The vice-presidential debate on Tuesday night between Senator Tim Kaine of Virginia and Gov. Mike Pence of Indiana may not have brought the same intensity as last week’s first presidential debate, however, it was full of fiery moments on hot-topic issues.
Kaine frequently interrupted Pence, and repeatedly challenged him to defend statements made by Trump.
The debate came at a critical time in a highly contentious election as Donald Trump tries to recover from a tough week and Hillary Clinton looks to capitalize on her momentum following the first debate.
CBS News anchor Elaine Quijano moderated the 90-minute debate, who is the first Asian-American moderator of a presidential or vice presidential debate.
Read on for a recap of the vice-presidential debate, and vote in our poll at the bottom of the post on who you think won the debate.
Quijano framed the first question on “presidential leadership.”
In Kaine’s opening remarks, he mentioned Farmville’s role in the landmark 1954 Brown v. Board of Education court case.
After mentioning the civil rights history of Longwood University, he said, “I am so proud to be running with another strong, history-making woman, Hillary Clinton.”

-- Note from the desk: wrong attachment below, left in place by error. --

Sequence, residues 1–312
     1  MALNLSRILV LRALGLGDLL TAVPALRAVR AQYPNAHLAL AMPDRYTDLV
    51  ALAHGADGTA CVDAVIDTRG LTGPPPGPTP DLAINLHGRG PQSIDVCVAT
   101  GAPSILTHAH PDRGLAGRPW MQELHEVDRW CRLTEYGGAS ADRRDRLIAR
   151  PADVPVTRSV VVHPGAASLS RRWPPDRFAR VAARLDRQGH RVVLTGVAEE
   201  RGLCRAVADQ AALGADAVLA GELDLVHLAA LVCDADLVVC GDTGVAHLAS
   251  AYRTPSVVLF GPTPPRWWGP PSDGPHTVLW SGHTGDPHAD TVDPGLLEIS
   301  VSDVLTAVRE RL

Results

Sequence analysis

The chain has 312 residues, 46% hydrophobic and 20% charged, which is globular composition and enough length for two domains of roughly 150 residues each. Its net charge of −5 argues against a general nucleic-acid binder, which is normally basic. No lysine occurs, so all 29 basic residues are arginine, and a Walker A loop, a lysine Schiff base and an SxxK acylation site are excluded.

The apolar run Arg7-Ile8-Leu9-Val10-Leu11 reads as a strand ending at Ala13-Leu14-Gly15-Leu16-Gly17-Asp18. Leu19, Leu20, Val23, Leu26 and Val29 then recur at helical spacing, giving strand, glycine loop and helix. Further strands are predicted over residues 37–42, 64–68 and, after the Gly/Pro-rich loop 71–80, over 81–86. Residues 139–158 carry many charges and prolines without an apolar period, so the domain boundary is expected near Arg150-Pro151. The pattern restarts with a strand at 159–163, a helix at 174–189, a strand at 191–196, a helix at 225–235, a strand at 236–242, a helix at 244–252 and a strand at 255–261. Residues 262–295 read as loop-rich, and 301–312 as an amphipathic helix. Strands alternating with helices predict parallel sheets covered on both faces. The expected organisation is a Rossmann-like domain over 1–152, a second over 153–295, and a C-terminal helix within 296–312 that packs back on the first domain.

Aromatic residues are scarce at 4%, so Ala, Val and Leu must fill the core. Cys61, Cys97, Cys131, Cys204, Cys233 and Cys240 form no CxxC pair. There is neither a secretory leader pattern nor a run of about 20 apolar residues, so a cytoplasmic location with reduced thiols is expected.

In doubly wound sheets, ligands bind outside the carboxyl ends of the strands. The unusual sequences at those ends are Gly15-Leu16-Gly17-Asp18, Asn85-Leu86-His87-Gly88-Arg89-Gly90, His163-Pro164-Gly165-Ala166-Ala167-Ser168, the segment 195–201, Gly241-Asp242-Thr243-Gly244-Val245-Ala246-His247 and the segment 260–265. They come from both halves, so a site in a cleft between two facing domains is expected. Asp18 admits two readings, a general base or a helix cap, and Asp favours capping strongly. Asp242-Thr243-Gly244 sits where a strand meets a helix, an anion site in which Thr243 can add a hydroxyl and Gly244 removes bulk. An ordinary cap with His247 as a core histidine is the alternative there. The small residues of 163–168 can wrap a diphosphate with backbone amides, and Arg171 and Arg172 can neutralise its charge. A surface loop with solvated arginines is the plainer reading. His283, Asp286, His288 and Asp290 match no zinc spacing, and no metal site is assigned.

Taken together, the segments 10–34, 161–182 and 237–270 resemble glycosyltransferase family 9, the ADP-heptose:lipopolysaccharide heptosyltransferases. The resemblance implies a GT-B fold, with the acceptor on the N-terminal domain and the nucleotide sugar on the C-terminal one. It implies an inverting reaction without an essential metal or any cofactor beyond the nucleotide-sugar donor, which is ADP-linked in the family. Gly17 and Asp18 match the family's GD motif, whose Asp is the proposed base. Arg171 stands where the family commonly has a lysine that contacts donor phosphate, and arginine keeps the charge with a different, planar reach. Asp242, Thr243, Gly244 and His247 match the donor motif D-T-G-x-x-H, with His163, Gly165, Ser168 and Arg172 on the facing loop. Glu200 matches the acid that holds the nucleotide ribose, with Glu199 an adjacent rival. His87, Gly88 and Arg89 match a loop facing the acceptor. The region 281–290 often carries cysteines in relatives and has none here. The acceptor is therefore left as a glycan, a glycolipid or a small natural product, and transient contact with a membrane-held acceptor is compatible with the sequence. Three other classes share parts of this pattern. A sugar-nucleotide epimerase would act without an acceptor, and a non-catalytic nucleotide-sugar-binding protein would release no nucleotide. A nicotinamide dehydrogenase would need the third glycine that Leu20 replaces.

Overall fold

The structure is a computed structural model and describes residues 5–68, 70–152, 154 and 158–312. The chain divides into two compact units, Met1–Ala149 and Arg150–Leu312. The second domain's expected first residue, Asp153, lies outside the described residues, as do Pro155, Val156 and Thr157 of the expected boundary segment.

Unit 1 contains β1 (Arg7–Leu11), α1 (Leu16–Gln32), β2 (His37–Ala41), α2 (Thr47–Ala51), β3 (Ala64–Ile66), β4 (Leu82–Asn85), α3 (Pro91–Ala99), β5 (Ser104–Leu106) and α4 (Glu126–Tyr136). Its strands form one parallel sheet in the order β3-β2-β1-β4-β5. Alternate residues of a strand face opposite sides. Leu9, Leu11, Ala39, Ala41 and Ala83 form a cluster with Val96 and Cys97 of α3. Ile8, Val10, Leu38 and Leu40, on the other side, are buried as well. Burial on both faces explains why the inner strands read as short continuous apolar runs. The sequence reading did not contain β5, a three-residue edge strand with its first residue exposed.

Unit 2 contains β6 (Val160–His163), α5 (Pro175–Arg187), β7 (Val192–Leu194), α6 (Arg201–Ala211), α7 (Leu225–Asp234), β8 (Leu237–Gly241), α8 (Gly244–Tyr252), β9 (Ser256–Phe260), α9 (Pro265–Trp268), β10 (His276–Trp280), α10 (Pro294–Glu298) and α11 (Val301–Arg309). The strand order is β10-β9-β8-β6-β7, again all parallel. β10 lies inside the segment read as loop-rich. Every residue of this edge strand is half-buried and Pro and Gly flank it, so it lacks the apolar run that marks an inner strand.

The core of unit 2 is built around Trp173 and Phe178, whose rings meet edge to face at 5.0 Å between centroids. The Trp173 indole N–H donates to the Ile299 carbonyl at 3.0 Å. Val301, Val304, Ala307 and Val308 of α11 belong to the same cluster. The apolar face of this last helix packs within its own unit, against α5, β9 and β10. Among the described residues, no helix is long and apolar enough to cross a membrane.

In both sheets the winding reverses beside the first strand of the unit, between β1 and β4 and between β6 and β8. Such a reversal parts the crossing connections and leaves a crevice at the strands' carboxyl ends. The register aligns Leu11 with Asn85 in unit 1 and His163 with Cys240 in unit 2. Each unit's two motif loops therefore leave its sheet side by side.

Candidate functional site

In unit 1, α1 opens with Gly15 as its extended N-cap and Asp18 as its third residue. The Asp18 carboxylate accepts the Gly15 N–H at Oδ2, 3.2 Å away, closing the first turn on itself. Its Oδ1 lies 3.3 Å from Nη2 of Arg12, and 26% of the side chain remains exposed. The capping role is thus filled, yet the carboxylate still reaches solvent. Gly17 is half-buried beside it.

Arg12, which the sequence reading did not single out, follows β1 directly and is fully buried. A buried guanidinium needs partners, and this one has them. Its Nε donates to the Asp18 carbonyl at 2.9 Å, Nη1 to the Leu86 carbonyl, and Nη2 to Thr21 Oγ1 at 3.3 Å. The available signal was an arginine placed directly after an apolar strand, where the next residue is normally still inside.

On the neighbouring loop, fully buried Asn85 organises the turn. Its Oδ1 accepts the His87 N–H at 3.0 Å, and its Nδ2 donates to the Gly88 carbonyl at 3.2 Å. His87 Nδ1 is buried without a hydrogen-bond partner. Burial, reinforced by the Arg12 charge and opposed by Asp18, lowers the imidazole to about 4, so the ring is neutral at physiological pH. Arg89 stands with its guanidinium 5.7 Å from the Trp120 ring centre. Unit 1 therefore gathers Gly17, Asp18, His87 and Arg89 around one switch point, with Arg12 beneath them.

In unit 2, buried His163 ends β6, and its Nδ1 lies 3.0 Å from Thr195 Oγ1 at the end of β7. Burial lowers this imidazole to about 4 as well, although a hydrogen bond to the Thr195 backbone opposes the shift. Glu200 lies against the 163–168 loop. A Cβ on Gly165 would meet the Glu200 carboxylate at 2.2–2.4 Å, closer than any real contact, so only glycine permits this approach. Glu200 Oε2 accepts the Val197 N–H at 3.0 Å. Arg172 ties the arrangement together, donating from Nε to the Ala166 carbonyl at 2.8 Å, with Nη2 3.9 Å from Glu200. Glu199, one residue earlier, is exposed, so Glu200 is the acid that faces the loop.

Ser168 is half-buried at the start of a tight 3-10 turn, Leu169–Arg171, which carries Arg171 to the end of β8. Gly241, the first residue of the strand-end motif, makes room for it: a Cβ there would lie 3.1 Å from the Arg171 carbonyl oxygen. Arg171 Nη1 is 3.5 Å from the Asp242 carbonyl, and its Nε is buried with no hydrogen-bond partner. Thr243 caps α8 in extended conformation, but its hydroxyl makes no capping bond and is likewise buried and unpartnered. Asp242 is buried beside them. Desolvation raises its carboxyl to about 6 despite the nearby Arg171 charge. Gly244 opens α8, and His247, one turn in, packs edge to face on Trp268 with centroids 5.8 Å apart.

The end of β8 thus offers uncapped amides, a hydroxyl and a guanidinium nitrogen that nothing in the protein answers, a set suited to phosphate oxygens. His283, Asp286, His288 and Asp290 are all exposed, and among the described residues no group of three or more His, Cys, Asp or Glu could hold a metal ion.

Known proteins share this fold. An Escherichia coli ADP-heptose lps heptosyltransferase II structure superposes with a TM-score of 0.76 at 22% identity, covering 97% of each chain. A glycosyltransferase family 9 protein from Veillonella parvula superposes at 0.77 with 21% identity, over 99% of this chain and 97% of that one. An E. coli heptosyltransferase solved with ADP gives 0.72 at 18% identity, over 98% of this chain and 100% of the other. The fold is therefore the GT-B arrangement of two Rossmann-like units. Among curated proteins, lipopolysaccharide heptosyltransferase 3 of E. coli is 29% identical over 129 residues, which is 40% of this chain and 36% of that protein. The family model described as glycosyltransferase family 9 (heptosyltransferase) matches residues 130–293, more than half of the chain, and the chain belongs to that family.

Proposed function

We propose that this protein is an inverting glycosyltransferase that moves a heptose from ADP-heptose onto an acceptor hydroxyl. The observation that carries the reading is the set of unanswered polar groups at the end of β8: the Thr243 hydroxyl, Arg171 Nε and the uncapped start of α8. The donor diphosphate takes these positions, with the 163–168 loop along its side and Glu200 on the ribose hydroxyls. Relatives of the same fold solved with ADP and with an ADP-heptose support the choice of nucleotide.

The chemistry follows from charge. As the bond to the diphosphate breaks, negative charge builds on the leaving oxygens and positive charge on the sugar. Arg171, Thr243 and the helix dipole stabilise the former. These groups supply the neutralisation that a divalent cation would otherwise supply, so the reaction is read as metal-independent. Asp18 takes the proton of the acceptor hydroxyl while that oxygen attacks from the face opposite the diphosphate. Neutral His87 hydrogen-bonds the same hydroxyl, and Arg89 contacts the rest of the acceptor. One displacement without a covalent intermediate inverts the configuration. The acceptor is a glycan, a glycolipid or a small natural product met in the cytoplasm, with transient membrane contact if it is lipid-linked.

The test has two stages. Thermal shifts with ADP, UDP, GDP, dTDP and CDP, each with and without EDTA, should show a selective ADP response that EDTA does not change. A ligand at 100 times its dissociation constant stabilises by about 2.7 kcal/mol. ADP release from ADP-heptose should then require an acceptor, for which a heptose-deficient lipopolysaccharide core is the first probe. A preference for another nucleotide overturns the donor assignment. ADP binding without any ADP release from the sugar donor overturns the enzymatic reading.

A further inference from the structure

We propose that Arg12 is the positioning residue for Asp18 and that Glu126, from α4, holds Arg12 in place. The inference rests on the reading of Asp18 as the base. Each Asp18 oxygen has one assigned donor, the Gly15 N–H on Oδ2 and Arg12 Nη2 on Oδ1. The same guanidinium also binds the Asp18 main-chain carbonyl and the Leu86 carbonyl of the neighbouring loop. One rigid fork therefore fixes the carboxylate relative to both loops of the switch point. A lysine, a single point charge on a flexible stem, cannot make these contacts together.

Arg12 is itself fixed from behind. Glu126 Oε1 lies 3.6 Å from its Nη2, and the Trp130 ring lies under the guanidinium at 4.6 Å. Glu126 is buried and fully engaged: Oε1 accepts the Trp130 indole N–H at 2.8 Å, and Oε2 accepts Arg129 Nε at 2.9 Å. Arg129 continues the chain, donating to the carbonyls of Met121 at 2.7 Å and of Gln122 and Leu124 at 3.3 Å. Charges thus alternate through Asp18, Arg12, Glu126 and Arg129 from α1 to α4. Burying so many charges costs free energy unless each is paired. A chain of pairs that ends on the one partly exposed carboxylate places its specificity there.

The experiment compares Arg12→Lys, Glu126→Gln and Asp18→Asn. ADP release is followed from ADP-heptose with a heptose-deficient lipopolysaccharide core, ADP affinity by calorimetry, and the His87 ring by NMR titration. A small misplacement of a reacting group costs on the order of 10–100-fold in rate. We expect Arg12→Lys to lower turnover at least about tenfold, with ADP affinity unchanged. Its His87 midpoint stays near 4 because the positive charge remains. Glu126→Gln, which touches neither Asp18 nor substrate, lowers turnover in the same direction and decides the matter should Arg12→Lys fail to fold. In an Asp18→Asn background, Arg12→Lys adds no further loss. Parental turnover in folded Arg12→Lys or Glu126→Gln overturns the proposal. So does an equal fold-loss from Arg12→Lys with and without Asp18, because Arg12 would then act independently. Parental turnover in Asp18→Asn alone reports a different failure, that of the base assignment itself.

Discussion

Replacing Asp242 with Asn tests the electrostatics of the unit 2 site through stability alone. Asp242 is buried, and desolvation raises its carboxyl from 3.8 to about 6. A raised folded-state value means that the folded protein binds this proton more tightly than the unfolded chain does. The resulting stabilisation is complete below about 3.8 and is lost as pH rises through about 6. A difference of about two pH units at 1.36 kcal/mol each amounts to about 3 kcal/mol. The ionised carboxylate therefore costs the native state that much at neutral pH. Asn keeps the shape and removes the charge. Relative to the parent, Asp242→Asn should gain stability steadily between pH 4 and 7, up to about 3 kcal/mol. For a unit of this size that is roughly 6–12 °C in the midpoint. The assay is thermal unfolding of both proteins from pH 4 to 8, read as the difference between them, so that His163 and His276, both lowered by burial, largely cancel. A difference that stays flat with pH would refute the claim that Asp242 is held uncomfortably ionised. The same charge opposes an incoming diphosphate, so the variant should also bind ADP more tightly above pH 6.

He then transitioned to why Clinton chose him as her running mate.
“Hillary told me why she asked me to be her running mate,” Kaine said, adding that Clinton said that “it’s going to be about results.
“She said to me ‘you’ve been a missionary, and a civil rights lawyer, a city councilman and mayor, a lieutenant governor and governor and now a U.S. senator. I think you will help me figure out how to govern this nation.’”
Republican vice presidential nominee Mike Pence, opened the debate saying he was proud to run with Donald Trump.
He detailed his experience in politics, however did call the host college Norwood University instead of Longwood University, which quickly gained traction on Twitter.
“I would hope that if the responsibility ever fell to me in this role, that I would meet the responsibility should I be elected vice president of the United States, to bring up a lifetime of experience, a lifetime of growing up in a small town, where I served in the Congress of the United States, in the great state of Indiana,” Pence said. “I would hope, and pray, to be able to meet that moment with my lifetime of experience.”
Clinton’s Private Email Server
Quijano followed up on Kaine’s praise of Clinton’s character. The moderator asked Kaine, “Why do so many people distrust her? Is it because they have questions about her e-mails and the Clinton foundation?”
Kaine replied that “she has been focused on serving others with a special focus on empowering families and kids.”
He described Clinton’s experience as a sharp contrast to Trump.
“Donald Trump always puts himself first,” he said. “He built his career off the backs of the little guy.”
Kaine also criticized Trump for referring to Mexicans as rapists and criminals.